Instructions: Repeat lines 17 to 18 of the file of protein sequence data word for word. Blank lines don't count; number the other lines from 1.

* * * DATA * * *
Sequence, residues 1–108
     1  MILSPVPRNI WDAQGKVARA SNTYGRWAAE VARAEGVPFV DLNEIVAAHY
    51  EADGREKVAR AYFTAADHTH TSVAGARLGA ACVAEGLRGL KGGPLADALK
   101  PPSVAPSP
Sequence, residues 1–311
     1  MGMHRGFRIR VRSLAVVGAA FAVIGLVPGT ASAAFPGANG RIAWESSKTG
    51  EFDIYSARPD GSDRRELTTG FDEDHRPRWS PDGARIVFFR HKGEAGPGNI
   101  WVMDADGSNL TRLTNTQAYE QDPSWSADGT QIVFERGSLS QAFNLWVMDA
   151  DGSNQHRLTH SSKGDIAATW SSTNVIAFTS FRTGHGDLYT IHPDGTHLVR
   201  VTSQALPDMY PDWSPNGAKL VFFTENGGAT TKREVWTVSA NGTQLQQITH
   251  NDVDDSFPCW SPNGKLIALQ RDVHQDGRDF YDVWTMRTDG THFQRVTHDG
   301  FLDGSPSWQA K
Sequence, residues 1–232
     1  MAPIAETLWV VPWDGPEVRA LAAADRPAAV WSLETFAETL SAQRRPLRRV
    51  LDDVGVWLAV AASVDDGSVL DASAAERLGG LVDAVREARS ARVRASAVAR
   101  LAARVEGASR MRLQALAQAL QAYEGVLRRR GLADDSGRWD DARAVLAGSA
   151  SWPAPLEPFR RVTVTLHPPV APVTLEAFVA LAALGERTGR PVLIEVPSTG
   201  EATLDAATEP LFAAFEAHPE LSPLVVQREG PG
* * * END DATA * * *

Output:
   151  SWPAPLEPFR RVTVTLHPPV APVTLEAFVA LAALGERTGR PVLIEVPSTG
   201  EATLDAATEP LFAAFEAHPE LSPLVVQREG PG